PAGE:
Don’t be afraid of the mud

11 months ago, right into the first wave of the pandemic, I reviewed Admiral (ret.) William H. McRaven’s excellent book, Sea Stories. Devouring this book was one of the most uplifting moments of this somber period. Not only because I’m a big fan of the author, but also because it is extremely well-written, and the content touched a chord.

That was before I put my hands on Make Your Bed, his shorter previous book which is the companion to the famous commencement speech he gave at the University of Texas in May 2014. While Sea Stories inspired me “from the outside”, Make Your Bed is not in the same category. The 10 life lessons it contains make you dive right into your own life and path. And that’s not always easy.

During his training to become a Navy SEAL, Admiral McRaven was told by one of his instructors: “[…] life isn’t fair and the sooner you learn that the better off you will be.” The purpose of this review is not meant to be autobiographical, but I have no choice but to share a bit of my own story to make you understand why this book has had such a powerful impact on me.

As a young adult, I witnessed my parents’ divorce and suffered greatly from it. In a nutshell, everything kept spiraling from bad to worse, with no end in sight. The temptation to “ring the bell” (a Navy SEAL wanting to quit only needs to ring three times the bell that’s located on the courtyard of the SEALs training camp in Coronado, California) was extremely strong. A few months before the family house was sold, I made a crucial decision. In hindsight, that was the best one I could take. I was moving to the University’s student’s residence. I wanted to be close to my classes, to the library where I spent lots of time and to live with other people my age. It was a huge gamble. After I paid the rent for the first month, I found myself with only 50$ in my pockets.

I will never forget the first evening I walked in the corridor of my new home. My level of anxiety was equal to my excitement. Just when I was putting the key in the lock of the door of my new room, one of my classmates walked by. She offered me to have supper with her. She lifted up my spirits and became a lifelong friend. She’s now a Major in the Canadian Armed Forces. I would be hard-pressed to disagree with Admiral McRaven’s observation that “[…] anything I achieved in my life was a result of others who have helped me along the way.”

But the most powerful passage in Make Your Bed is probably when another instructor told the author: “That obstacle course is going to beat you every time unless you start taking some risks.” I could write a book of my own detailing how true that is.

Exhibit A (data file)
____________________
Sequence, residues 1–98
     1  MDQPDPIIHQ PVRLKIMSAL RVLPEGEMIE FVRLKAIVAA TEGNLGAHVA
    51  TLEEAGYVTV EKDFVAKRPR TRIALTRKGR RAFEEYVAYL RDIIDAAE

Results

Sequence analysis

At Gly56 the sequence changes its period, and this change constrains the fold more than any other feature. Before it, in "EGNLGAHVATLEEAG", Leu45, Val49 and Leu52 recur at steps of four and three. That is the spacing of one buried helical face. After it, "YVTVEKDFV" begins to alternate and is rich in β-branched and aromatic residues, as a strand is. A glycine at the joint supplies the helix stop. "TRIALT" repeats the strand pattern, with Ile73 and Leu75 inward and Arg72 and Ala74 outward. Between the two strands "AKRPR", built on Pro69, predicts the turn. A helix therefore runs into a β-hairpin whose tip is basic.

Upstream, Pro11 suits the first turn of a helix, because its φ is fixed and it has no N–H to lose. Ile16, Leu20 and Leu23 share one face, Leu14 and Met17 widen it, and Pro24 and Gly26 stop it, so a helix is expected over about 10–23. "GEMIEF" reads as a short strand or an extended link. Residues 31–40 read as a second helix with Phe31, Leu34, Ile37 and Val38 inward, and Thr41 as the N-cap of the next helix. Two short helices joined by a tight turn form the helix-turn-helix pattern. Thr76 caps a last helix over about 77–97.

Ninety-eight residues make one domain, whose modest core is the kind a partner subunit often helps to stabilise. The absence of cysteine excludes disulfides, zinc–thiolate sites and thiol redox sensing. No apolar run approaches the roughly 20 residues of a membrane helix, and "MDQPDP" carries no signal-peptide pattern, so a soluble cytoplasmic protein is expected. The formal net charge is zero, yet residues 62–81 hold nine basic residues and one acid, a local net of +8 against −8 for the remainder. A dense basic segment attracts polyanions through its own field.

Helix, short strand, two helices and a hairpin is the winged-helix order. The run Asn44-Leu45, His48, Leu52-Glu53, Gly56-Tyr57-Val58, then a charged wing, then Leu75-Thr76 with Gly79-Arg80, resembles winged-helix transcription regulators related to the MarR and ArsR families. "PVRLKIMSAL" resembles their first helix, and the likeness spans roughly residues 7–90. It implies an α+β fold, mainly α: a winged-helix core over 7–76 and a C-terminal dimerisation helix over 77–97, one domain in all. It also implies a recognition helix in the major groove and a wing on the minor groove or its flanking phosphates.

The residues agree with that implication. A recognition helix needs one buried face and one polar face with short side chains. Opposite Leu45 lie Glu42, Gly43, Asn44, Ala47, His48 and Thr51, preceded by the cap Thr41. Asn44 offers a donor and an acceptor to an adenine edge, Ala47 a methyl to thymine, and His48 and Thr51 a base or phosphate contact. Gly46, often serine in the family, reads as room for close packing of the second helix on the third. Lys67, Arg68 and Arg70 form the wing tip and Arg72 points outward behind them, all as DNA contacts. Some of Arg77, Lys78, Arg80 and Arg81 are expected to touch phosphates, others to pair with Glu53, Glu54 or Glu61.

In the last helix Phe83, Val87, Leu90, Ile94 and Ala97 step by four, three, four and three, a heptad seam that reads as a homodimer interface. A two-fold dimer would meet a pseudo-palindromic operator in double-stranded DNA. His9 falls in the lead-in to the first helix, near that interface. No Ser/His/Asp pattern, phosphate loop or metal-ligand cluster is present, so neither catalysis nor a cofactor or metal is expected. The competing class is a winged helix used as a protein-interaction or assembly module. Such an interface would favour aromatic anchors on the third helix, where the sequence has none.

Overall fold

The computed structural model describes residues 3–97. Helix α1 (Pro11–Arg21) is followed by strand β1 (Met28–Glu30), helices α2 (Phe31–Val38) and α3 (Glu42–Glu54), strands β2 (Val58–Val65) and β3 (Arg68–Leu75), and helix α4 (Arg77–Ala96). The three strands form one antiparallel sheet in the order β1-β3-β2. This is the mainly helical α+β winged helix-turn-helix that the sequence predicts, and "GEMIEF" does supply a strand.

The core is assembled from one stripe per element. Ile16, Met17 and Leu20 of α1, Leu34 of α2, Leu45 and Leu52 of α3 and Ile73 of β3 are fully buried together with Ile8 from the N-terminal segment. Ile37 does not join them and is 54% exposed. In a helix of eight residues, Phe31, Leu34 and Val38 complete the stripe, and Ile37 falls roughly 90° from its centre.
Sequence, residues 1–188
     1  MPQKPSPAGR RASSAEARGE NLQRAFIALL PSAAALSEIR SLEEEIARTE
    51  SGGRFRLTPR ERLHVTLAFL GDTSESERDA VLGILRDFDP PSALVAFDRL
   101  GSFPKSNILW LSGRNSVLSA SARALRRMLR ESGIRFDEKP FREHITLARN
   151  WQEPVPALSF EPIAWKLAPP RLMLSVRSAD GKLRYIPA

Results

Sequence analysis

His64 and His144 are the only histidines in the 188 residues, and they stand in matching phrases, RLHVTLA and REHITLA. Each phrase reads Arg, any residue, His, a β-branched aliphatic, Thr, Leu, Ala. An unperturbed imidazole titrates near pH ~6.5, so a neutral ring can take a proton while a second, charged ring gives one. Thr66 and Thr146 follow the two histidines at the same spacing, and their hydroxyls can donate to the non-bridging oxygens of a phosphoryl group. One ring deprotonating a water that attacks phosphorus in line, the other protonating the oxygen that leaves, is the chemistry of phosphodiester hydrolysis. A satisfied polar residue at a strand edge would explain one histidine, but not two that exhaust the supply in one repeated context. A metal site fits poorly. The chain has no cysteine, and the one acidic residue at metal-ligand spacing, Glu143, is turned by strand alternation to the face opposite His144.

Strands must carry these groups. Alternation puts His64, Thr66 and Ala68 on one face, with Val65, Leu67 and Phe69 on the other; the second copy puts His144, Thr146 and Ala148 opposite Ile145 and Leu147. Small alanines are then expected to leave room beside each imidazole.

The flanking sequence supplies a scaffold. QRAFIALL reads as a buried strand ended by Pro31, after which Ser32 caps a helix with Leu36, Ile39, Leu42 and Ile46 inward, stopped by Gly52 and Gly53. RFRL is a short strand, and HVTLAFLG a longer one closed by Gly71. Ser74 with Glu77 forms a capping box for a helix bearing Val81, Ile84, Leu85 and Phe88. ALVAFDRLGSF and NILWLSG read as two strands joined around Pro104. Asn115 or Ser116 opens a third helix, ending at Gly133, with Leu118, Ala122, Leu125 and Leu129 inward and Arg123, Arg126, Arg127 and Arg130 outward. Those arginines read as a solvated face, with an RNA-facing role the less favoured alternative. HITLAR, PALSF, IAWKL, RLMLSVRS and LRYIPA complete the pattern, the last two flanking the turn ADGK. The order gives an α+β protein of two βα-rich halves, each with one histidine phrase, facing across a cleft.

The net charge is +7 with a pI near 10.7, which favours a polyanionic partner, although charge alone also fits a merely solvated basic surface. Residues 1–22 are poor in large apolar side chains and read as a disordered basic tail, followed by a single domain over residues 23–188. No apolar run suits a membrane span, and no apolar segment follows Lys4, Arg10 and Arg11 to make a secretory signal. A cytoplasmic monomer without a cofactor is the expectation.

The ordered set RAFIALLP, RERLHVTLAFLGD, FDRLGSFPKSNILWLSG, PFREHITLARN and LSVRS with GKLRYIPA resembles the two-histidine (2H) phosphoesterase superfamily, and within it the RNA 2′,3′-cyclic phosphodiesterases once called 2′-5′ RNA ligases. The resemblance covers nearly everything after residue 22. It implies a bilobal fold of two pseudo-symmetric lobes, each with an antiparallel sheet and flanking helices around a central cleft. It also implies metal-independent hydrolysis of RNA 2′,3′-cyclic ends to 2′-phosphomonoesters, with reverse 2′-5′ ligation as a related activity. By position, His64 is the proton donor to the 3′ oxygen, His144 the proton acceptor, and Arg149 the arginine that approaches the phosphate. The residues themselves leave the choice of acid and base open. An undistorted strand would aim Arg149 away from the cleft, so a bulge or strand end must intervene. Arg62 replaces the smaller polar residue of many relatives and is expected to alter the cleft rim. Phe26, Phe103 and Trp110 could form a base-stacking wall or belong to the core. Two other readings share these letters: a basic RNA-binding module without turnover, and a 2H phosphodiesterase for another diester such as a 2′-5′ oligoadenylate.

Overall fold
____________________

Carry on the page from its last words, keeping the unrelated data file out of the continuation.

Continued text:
I refused to quit on my dreams and aspirations, I refused to cede one inch to my intimidators and, no matter how deep in the mud I can be (if you want to know more about that reference, you’ll have to read the amazing chapter nine of the book), I know that the size of my heart is the best thing I have going for me.

Last year, Captain Sir Tom Moore captivated the world using his walker in a courtyard to support those who are on the first line of defense against the Covid-19. Two months ago, he passed away. “Little things in life matter”, writes Admiral McRaven at the conclusion of the book.

And “if you can’t do the little things right, you will never do the big things right.” When I read that passage, I closed my eyes and saw my late father in my mind. When I was young, he instilled that fundamental lesson in me. For example, whenever he asked me to do some photocopies for him, it had to be perfect. If not, I had to redo it. That’s how I learnt my work ethic. And that has been extremely useful to me ever since.

As we enter the third wave of the pandemic, which, according to some might be the toughest one, we need to brace ourselves with more sacrifices, hardship and sorrow. You might lose revenues, a loved one might catch the disease, or you might just be depressed to be in lockdown – again. But remember. Life is not fair. And what matters is your reaction to challenges and difficulties. Don’t be afraid and keep your head up. You’re stronger than the mud you’re in.

If you need an excellent source of inspiration in these troubled times, get yourself a copy of Make Your Bed immediately. You can read it in one evening. But the lessons it contains will stay with you forever. It is difficult not to be in awe with Admiral McRaven’s role in capturing and neutralizing Osama bin Laden, but I’ll always be grateful for his books.


Admiral William H. McRaven (U.S. Navy Retired), Make Your Bed: Little Things That Can Change Your Life…And Maybe the World, New York, Grand Central Publishing, 2017, 144 pages.

I would like to express all my gratitude towards Dominique Delmas from Hachette Book Group Canada for proving me with a copy of this amazing book and for all her precious assistance.

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